The other day (okay, it was more like a couple months ago), someone made a comment about how many jellyfish I'd made. And I realized that I had no idea what that number was. The vast majority of them have gone to other homes upon my finishing them.

But I had kept records. Could I track down the number? (And, the thought occurred, it might be a good idea to keep a list of them from now on.) So, since I really have nothing interesting to talk about today...

The initial idea came from someone at that farmers market I do from time to time. She showed me some images, and from there I was able to track down the pattern (via One Dog Woof). (This came out just about a year ago. Wow.)

And then I made my first jellyfish...

Shortly thereafter, I made two others...

And then the one that went to Betty...

The lady who bought the first one requested one in purple for herself. Then four others for her granddaughters...

I made three for others at the farmers market, two for Christmas presents, and one for someone family adjacent, none of which I remembered to get pictures of. Then MJ ordered one...

And finally, just a couple weeks ago, the one from my "neighbor" at the last farmers market I did...

That's 17. I've neglected to mention that after Christmas I got bored and made another one in orange. (The purple one in this image is from the second image. I can't recall when I made that middle blue one.)

And that's 19.

Wow. 19.

Anyway, the whole reason that this even came up was because of Anna. She's seeking donations for a Support the Troops Auction for the USO of North Carolina, and I offered to make something. She suggested a jellyfish, and I had the brilliant idea that it should be red, white, and blue.

It's not quite finished yet...

While I was working on this one, I started to wonder, again, how many of these things I'd made. And so, I decided to count them up. This one makes 20.

Oh, by the way, I also started another yellow one. Just because I had the yarn and I was bored one night. It's barely started, but it'll bring my total to 21.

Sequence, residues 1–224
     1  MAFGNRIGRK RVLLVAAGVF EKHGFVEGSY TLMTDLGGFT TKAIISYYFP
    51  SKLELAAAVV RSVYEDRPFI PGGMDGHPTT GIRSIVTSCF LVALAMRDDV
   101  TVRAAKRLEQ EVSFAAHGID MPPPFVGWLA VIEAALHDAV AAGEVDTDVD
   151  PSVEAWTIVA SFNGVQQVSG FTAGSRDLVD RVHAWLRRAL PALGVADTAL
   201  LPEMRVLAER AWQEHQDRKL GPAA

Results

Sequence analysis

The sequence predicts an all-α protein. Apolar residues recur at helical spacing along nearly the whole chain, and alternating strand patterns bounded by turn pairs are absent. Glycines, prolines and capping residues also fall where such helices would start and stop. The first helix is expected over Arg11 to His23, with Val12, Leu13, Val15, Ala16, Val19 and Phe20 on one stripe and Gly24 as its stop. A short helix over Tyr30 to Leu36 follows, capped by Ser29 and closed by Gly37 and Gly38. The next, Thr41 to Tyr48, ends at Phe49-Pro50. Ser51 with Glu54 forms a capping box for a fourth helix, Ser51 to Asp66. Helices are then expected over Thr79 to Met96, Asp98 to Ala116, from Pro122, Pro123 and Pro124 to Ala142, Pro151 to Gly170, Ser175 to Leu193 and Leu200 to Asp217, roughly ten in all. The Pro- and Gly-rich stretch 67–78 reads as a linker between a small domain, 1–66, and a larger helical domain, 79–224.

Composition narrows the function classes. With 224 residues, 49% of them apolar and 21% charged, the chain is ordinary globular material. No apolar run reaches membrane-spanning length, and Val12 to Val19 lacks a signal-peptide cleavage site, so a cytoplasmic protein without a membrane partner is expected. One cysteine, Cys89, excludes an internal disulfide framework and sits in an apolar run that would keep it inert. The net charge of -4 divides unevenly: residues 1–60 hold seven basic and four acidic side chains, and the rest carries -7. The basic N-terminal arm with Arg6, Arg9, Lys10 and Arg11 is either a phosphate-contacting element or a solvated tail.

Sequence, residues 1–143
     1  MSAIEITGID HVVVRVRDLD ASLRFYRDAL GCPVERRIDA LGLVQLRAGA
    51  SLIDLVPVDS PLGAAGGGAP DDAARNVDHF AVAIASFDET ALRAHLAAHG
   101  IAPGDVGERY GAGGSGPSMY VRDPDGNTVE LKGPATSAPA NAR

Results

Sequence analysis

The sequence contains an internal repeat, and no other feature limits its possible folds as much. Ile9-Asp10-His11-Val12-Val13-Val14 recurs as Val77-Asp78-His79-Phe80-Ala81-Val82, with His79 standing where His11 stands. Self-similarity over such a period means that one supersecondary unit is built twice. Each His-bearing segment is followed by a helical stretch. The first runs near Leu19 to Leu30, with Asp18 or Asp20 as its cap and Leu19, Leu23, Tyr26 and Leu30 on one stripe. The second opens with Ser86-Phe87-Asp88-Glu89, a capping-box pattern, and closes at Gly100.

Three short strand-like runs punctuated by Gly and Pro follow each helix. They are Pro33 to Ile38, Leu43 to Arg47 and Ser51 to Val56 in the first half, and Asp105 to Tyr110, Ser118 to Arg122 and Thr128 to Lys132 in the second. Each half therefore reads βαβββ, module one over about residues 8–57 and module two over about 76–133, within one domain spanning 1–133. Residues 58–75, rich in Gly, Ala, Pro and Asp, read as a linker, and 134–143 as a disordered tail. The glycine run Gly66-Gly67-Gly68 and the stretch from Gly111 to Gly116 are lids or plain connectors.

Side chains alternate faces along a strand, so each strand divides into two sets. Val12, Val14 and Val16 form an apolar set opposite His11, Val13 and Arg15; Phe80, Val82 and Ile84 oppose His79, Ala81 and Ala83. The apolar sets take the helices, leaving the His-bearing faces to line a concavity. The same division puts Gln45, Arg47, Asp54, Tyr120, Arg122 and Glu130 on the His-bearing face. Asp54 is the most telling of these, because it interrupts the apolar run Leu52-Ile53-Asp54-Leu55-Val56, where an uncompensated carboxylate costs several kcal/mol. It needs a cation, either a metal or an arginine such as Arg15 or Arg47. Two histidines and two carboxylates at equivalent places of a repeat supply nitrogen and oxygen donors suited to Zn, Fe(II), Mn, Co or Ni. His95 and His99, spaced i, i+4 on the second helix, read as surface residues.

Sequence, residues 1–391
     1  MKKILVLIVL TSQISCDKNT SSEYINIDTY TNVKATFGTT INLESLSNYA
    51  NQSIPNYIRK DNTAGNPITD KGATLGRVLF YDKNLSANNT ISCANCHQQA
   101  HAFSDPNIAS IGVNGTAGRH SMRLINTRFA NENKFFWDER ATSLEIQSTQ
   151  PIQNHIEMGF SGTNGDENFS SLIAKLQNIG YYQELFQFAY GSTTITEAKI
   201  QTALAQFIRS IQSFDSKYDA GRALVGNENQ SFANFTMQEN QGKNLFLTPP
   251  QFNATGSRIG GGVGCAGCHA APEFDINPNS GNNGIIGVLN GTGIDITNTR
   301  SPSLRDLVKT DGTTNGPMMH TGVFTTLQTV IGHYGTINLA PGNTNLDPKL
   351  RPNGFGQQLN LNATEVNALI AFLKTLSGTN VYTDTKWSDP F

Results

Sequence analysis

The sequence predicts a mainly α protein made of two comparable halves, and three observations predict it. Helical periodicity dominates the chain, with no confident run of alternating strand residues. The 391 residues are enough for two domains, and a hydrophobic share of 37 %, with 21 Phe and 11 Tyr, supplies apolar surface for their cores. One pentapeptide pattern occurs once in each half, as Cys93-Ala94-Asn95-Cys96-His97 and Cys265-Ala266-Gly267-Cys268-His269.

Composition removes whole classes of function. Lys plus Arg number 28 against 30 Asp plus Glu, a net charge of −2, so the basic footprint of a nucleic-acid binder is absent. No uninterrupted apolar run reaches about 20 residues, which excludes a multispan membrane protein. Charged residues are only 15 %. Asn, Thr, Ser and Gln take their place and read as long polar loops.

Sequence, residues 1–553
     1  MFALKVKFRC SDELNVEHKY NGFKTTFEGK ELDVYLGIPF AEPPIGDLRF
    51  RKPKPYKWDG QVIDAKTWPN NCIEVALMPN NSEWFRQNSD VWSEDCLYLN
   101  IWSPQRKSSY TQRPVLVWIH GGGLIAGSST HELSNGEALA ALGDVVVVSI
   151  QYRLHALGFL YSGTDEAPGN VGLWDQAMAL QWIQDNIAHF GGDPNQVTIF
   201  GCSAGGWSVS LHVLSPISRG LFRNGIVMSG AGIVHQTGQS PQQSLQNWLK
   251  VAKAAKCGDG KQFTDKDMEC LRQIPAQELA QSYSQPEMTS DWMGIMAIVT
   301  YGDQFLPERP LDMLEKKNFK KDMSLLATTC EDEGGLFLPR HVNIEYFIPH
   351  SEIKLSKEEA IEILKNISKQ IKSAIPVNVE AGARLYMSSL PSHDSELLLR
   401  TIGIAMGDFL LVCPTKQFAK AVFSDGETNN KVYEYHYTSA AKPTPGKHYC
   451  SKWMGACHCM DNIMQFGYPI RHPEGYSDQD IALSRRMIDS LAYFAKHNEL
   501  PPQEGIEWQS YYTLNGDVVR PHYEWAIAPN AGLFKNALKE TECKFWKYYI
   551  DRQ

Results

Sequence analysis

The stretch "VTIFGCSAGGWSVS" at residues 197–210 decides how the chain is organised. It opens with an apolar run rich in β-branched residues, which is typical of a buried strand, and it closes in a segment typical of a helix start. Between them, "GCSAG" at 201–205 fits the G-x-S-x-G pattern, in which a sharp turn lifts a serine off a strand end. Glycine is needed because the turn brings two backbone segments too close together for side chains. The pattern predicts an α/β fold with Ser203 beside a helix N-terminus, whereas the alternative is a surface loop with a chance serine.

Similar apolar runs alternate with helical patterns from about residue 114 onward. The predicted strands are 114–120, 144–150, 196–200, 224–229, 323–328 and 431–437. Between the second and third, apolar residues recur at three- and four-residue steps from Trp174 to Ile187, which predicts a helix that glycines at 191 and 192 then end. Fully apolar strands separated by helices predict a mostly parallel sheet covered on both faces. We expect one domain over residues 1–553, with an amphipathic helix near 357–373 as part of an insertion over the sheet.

I have this image in my head of my farmers market booth with a line of jellyfish. So, there are going to be more. Eventually. Probably.

Friday, May 12, 2017

A Non-Break

The schools are on block schedule for state testing. Two-hour periods. Which, depending on the lesson plan, can make for a very long period.

(Only specific teachers are testing on any given day. They're not absent on those days. I'm covering classes that are business as usual, albeit with very long classes.)

Health class. Freshmen. The teacher left them a huge packet on safety to complete. (Stuff like what to do in a natural disaster or if an accident were to happen in the home.)

I was braced for the worst. Freshmen. For two hours. Of what amounted to busywork. And it was the same teacher that I covered a few times in the fall semester. (I posted about those days here, here, and here.)

But then I remembered that health is a semester course (meaning that as we're now in the spring semester, all the kiddos I had issues with are no longer in the class). Except that Ms. E left me a few names of students to keep an eye on. And guess who was on the list? Kevin. Naturally.

Kevin was as happy to see me as I was to see him. (I was gratified to see his reaction to seeing me. He was so not pleased. I guess I make him do work, or something.)

Class started, and something surprising happened. The room stayed silent...

Oh sure, Kevin did no work. As did another boy on the other side of the room who I'd also been warned about. But they did no work silently. While the rest of the class busily scribbled away.

I wished for my knitting. Or a magazine. I was expecting to be dealing with issues, and there were none.

Ms. E had recommended that the class get a break at some point. With this group I think I would have offered on my own. They probably needed one. So, at an hour in, I told the class they could get up and stretch or move around.

They looked at me like I was crazy. And continued to work.

Well, not Kevin and the other boy. They took a break. (From not doing work. *shakes head*)

At the end of the two hours, two students had finished, while the vast majority had only a couple pages of work left. Well, except for Kevin. He still had seven pages to go.

Some weeks are easier than others. This week was pretty easy.

Thursday, May 11, 2017

Blood Drive Fail

"Ms. S said you'd give blood if you were at the continuation high school on Tuesday..."

It was odd to get a call to work the next day at 5 PM. It was even odder to be called to cover the teacher who was running the blood drive. But then again, of course she couldn't be in class and run the blood drive...